Unless you’ve tried to secure funding under NYC’s post-Hurricane Sandy Build It Back program, it’s hard to fathom all that the team behind this Brooklyn remodel went through from start to (ongoing) finish. Back in 2012, Sandy sent 8.5-feet of water surging into the basement and ground floor of the century-old, three-story Red Hook townhouse, leaving it partially collapsed and in need of an extreme flood-proofed makeover. The couple who own it, a writer-artist and a garden designer with two kids, moved their belongings into storage and took temporary shelter in Upstate New York—for several years. But they were determined to get back to Brooklyn, a process they could only pull off with a combination of their own funds and substantial help from flood insurance proceeds and the city recovery program.
Build It Back guidelines allowed the owners to hire an architect and local contractor—which is how Takatina, husband-and-wife architect Takaaki Kawabata and designer Christina Kawabata—Taka and Tina—got recruited for their first Brooklyn project (it was our feature on the couple’s own One-Room Family House in Upstate NY that sold the owners on their work). The process of submitting and resubmitting plans, making sure everything was flood compliant, obtaining building permits, and, especially, getting the city to pay out was a seemingly never-ending team effort. According to Taka, “The Build It Back program is so convoluted and unpredictable that “there were times everyone on the project hated each other. But we came out as true friends—and can only hope a city official reads this and improves the system. Every building on the street was impacted, and to date this house is the only one to get Sandy funding—not because the money isn’t available, but because the process is so impossible no one else stuck it out.” (Read about the situation in the New York Times.)
On the flip side: flood-proofing required raising the elevation of the floors, and hence provided the opportunity to completely rethink the interior: in place of low-ceilinged rooms with next-to-no connection to the outdoors, the family gained a double-height, all-purpose living space overlooking the garden, plus a mezzanine for the master bedroom. They also added a penthouse apartment that’s rented out to help cover costs. And, yes, the structure stands ready for all sorts of bad weather.
Photography by Mikiko Kikuyama, courtesy of Takatina.
“The ground floor had to be two feet above the high water line, the so-called Design Flood Elevation (DFE),” explains Taka, noting that the cellar was left raw: filled with gravel and installed with flood vents. “Flood resilient design guidelines were incorporated throughout, and as a result of locating the first floor above the DFE, all the floor elevations were also raised. Meeting the new code requirements enabled the overall height of the building to be increased, accommodating the new penthouse addition.”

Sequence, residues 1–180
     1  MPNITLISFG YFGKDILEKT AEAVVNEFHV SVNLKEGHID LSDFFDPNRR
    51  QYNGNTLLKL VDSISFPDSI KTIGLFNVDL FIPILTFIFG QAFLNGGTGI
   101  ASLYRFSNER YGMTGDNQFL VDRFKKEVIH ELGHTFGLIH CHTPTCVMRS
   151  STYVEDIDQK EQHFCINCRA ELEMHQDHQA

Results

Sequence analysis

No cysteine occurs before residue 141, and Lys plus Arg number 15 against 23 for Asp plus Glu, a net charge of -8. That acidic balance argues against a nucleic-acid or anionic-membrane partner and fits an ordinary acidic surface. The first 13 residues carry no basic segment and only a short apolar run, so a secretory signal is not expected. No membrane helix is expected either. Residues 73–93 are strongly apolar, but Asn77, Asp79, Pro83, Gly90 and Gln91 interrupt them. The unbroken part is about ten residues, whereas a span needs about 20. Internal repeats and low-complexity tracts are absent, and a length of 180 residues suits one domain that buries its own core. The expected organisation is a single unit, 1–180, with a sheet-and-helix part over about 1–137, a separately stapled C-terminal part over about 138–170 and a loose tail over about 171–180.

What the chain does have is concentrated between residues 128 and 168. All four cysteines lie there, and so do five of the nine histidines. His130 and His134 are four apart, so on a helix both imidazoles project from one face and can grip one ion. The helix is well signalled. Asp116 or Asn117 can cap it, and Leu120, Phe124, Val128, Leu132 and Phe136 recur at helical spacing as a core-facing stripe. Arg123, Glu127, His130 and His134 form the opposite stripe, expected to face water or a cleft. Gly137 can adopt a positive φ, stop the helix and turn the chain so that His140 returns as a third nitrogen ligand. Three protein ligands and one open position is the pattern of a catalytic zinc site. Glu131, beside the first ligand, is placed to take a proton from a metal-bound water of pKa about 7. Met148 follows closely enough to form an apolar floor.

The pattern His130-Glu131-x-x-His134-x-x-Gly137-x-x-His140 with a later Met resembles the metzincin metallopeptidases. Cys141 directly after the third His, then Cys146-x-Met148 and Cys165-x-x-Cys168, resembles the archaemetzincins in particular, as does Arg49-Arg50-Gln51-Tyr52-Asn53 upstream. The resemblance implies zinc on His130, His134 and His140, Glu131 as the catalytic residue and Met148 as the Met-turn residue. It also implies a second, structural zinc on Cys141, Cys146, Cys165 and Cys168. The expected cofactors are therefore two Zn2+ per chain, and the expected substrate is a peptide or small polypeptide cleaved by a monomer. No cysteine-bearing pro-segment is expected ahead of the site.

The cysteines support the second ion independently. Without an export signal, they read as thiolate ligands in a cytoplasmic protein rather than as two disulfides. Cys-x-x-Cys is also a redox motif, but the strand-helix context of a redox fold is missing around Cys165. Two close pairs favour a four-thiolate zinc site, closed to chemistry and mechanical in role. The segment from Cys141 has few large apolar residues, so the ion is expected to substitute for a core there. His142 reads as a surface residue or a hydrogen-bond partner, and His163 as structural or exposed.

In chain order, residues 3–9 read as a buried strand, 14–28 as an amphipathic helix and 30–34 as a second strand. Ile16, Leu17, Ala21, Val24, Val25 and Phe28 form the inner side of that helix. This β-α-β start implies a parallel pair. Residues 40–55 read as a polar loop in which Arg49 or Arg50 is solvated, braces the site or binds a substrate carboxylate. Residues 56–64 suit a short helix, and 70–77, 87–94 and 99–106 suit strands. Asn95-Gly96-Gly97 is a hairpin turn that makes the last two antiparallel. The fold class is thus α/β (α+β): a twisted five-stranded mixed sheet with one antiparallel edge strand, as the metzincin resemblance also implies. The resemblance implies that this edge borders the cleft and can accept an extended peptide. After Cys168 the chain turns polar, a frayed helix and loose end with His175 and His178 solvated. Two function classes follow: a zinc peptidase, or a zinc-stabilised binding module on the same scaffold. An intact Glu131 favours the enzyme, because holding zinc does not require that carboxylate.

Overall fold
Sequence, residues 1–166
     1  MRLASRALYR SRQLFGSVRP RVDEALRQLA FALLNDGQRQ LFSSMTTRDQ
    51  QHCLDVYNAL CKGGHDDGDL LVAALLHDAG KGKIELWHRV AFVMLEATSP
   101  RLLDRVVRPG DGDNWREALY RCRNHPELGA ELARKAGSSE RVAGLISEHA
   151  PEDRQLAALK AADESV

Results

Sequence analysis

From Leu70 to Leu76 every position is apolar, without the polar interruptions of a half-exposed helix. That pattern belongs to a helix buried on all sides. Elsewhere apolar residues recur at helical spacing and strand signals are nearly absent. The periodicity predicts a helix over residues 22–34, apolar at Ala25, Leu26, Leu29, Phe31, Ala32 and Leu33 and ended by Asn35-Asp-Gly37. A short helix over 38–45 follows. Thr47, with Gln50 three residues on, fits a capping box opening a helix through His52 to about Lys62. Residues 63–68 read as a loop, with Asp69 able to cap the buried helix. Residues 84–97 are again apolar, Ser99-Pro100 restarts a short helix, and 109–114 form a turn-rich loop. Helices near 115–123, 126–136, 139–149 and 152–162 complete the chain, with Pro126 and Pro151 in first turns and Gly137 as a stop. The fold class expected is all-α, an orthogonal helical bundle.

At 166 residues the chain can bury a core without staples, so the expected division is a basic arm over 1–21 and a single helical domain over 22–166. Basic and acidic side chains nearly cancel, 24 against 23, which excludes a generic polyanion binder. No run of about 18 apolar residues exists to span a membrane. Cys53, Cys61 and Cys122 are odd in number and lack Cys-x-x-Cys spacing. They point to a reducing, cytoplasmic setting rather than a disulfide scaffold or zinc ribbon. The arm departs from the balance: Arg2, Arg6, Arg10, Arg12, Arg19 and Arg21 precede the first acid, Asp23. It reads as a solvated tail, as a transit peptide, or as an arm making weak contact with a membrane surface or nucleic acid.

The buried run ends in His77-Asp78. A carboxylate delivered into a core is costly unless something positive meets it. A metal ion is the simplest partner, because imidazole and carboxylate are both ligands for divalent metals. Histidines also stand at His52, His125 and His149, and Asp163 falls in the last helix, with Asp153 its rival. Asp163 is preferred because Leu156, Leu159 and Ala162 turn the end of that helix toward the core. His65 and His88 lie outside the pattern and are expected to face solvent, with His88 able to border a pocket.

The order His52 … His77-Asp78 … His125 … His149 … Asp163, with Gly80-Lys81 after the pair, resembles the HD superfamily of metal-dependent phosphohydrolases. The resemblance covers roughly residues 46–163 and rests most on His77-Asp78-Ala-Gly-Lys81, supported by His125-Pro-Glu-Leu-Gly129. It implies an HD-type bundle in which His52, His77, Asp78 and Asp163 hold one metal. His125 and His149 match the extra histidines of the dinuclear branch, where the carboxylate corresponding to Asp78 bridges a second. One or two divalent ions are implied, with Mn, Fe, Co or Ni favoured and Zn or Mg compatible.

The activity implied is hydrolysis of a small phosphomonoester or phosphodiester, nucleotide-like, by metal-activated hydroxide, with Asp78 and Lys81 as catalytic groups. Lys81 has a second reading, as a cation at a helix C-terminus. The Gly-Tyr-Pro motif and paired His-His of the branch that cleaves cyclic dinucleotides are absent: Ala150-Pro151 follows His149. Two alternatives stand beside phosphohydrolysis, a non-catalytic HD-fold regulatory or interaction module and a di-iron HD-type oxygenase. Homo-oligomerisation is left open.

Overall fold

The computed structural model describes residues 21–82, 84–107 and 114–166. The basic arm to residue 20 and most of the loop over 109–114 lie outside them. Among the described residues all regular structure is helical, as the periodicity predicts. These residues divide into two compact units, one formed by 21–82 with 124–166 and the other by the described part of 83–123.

The shingles are made from recycled metal by Reinke Shakes of Hebron, Nebraska, and are designed to endure hurricanes and tornados: “They’re used in factories and warehouses and cost about $1 a square foot,” says Taka. “At first our builders were skeptical, but they got very into them.” The stucco, too, Taka notes, was simple and inexpensive: “you see it in low-rent malls.”
The team turned to Yaro Windows to figure out an affordable glazing solution: “we wanted floor-to-ceiling glazing, but realized that would be prohibitive, so we went to Yaro and modified our plans,” says Taka, noting that the owners care a lot about energy efficiency and were willing to shell out for triple glazing and close-cell insulation. Also energy-efficient: the polished concrete floors have radiant heating (read about its advantages in our Remodeling 101 post 5 Things to Know About Radiant Floor Heating.) All mechanical systems, formerly in the basement, were inconspicuously located throughout the building, per flood-code requirements; the boiler, for instance, is hidden in a living room closet in the penthouse.
Takatina are based in New York and work all over the world. Here are two more of their projects:
- The New Pioneers: An Architect’s One-Room Family House
- Modern Family Living in Tokyo: A Budget New Build
Frequently asked questions
What is the article about?
The article is about a Brooklyn townhouse that was rebuilt to be flood-proof after Hurricane Sandy hit the area.
Why was the townhouse rebuilt?
The townhouse was rebuilt to be flood-proof after it was damaged by Hurricane Sandy in 2012.
Who rebuilt the townhouse?
The townhouse was rebuilt by the architecture firm Takatina.
What changes were made to the townhouse to make it flood-proof?
Takatina made a number of changes to the townhouse, including adding floodgates to the front and rear entrances, raising the first floor level, and installing a drainage system.
Are there any before-and-after photos of the townhouse?
Yes, the article includes several photos of the townhouse before and after it was rebuilt.
Was the townhouse damaged by flooding again after it was rebuilt?
There is no information in the article about whether the townhouse was damaged by flooding after it was rebuilt.
What neighborhood is the townhouse located in?
The article doesn't specify the exact neighborhood, but it mentions that the townhouse is located in Brooklyn.
Is the townhouse currently for sale?
There is no information in the article about whether the townhouse is currently for sale.